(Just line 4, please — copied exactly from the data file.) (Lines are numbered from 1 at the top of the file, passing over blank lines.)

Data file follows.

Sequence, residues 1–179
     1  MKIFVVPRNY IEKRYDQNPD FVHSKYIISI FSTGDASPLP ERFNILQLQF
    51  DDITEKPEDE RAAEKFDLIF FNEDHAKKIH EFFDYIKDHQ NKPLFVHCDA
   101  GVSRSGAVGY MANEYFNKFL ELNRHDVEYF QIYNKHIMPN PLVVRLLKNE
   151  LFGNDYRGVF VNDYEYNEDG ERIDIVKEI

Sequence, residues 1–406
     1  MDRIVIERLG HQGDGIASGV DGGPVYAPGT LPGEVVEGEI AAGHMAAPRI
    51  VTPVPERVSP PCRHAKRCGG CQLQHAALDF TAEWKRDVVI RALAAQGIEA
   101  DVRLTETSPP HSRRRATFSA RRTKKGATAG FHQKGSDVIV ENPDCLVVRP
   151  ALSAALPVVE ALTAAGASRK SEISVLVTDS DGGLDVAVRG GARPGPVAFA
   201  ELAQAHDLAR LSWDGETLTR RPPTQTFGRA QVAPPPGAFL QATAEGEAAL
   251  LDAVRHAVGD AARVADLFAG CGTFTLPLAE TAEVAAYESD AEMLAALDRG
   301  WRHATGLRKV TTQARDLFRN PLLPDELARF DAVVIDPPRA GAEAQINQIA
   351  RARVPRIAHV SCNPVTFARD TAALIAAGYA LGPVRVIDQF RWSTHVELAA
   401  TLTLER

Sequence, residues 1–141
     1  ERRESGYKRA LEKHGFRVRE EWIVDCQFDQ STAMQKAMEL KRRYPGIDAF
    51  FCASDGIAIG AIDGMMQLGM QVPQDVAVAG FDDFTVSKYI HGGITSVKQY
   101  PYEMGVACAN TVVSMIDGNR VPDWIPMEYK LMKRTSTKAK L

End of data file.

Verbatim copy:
   101  GVSRSGAVGY MANEYFNKFL ELNRHDVEYF QIYNKHIMPN PLVVRLLKNE